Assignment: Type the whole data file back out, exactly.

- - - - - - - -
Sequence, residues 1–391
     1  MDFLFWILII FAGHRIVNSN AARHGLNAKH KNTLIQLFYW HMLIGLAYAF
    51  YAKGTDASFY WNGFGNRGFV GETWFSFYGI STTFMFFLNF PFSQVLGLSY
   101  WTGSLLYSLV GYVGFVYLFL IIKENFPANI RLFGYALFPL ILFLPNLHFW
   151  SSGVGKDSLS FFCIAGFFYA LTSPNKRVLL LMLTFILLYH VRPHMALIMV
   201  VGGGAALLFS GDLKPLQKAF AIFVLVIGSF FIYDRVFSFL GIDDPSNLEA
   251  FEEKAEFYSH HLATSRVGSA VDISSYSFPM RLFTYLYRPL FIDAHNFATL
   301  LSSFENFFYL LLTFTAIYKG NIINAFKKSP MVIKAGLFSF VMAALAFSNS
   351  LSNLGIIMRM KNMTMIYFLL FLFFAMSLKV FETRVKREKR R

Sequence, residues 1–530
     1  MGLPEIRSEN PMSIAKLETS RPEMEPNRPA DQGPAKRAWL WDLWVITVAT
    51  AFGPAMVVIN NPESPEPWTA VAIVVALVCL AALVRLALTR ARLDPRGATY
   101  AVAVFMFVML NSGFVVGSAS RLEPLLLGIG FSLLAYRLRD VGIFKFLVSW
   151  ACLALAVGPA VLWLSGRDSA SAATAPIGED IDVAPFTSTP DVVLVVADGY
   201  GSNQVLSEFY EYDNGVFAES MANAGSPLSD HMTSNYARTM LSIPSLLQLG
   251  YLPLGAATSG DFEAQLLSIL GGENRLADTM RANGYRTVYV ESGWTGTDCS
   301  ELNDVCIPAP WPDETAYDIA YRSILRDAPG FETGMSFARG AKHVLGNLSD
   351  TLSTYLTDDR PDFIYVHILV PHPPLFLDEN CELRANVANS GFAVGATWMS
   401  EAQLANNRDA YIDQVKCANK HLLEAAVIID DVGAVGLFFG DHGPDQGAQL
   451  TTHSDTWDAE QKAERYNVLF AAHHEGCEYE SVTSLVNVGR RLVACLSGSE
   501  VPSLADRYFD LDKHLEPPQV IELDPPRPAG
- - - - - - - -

Sequence, residues 1–391
     1  MDFLFWILII FAGHRIVNSN AARHGLNAKH KNTLIQLFYW HMLIGLAYAF
    51  YAKGTDASFY WNGFGNRGFV GETWFSFYGI STTFMFFLNF PFSQVLGLSY
   101  WTGSLLYSLV GYVGFVYLFL IIKENFPANI RLFGYALFPL ILFLPNLHFW
   151  SSGVGKDSLS FFCIAGFFYA LTSPNKRVLL LMLTFILLYH VRPHMALIMV
   201  VGGGAALLFS GDLKPLQKAF AIFVLVIGSF FIYDRVFSFL GIDDPSNLEA
   251  FEEKAEFYSH HLATSRVGSA VDISSYSFPM RLFTYLYRPL FIDAHNFATL
   301  LSSFENFFYL LLTFTAIYKG NIINAFKKSP MVIKAGLFSF VMAALAFSNS
   351  LSNLGIIMRM KNMTMIYFLL FLFFAMSLKV FETRVKREKR R

Sequence, residues 1–530
     1  MGLPEIRSEN PMSIAKLETS RPEMEPNRPA DQGPAKRAWL WDLWVITVAT
    51  AFGPAMVVIN NPESPEPWTA VAIVVALVCL AALVRLALTR ARLDPRGATY
   101  AVAVFMFVML NSGFVVGSAS RLEPLLLGIG FSLLAYRLRD VGIFKFLVSW
   151  ACLALAVGPA VLWLSGRDSA SAATAPIGED IDVAPFTSTP DVVLVVADGY
   201  GSNQVLSEFY EYDNGVFAES MANAGSPLSD HMTSNYARTM LSIPSLLQLG
   251  YLPLGAATSG DFEAQLLSIL GGENRLADTM RANGYRTVYV ESGWTGTDCS
   301  ELNDVCIPAP WPDETAYDIA YRSILRDAPG FETGMSFARG AKHVLGNLSD
   351  TLSTYLTDDR PDFIYVHILV PHPPLFLDEN CELRANVANS GFAVGATWMS
   401  EAQLANNRDA YIDQVKCANK HLLEAAVIID DVGAVGLFFG DHGPDQGAQL
   451  TTHSDTWDAE QKAERYNVLF AAHHEGCEYE SVTSLVNVGR RLVACLSGSE
   501  VPSLADRYFD LDKHLEPPQV IELDPPRPAG